How can we do better? The obvious solution is to move the computation to the data instead of the other way around. This is what systems such as Hadoop does for batch computing, but those are not applicable here because they do not provide low latency.

Therefore, to solve the big data serving problem, we need a new kind of system. One which both stores all the data we are working with and is able to compute locally where the data is stored, including making inferences in machine-learned models.

A new kind of system

That sounds like a lot of hard work, but we’re only getting started. To be able to scale to more data than can be stored and computed over in time on a single machine, we need distributed storage, and distributed algorithms executing computation over multiple nodes in parallel to produce a response, while still meeting latency requirements reliably. And since these systems are online we need high availability, which translates to storing each piece of data in multiple distributed copies, and automatically rebuilding copies whenever nodes fail. To keep the data up to date with reality — one of the goals of moving computation online — all of this must keep working while the data is continuously modified. Further, to achieve high availability without having redundant copies of the entire system, it must be possible to change data schemas, logic, data layout, hardware and so on, without taking the system offline at any time.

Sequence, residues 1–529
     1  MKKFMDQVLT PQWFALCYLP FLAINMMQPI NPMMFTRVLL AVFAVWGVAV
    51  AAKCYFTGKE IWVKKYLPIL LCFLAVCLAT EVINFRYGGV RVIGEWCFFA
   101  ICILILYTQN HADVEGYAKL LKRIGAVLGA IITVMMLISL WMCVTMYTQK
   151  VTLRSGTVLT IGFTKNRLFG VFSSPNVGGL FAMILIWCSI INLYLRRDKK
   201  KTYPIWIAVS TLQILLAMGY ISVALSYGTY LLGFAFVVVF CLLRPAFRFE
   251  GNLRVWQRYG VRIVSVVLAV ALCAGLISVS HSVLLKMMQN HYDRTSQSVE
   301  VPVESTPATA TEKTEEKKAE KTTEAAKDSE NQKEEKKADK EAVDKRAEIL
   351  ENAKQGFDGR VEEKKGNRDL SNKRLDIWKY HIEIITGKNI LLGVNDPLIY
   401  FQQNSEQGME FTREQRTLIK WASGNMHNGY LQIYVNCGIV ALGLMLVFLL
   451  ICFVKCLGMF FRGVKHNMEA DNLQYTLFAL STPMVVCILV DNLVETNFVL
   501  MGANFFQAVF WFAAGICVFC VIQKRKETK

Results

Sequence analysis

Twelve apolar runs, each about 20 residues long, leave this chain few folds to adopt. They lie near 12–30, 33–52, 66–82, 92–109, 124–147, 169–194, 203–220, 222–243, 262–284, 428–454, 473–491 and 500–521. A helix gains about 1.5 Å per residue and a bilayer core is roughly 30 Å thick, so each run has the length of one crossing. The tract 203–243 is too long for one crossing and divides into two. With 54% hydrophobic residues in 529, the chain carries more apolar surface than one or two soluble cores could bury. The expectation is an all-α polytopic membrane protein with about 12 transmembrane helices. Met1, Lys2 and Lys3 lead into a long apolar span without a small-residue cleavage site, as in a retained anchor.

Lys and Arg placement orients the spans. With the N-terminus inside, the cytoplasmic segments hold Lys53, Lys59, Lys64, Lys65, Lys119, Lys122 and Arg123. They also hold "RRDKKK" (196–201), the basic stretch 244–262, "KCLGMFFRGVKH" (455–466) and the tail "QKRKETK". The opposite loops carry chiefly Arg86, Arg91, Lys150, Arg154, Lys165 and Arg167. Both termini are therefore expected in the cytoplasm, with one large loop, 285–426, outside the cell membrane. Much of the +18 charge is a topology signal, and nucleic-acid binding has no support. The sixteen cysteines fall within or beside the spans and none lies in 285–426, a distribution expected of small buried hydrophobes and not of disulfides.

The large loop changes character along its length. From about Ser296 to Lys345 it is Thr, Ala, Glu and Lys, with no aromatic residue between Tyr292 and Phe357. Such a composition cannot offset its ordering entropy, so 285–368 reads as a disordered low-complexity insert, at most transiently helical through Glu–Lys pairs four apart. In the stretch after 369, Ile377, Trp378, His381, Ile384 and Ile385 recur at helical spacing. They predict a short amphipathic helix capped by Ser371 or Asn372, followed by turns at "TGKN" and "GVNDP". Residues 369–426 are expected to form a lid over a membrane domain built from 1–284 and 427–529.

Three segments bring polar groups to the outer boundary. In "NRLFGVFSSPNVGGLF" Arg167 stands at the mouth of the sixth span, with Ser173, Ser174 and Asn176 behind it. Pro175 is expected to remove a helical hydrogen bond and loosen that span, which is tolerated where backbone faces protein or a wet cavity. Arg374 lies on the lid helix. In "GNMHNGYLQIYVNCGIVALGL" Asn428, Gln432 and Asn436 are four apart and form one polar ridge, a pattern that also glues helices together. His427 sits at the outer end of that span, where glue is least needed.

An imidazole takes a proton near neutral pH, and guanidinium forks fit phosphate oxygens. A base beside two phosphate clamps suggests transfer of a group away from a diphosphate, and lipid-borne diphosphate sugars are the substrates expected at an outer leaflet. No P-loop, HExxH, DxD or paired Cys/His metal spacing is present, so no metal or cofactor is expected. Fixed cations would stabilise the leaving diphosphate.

It’s not just solving all these problems, but solving them so that they work together. Clearly, this is many man-years of work, and years of calendar time regardless of the amount of money you are willing to spend, as accumulating the practical detailed experience with what does and does not work just takes time.

Building all this is out of the question for most applications, which is why the advantages of computing online are so often left on the table.

Web search to the rescue!

But are there any applications where the effort is economically justifiable? Turns out there is one — web search.

Web search is the prototypical big data serving application: Computing over big data sets (the web), including machine-learned model inference (relevance) — and performing the computation offline is infeasible because there are just too many queries to precompute them all. Furthermore, web search turned out to be profitable enough to fund the kind of large multi-decade development efforts required here.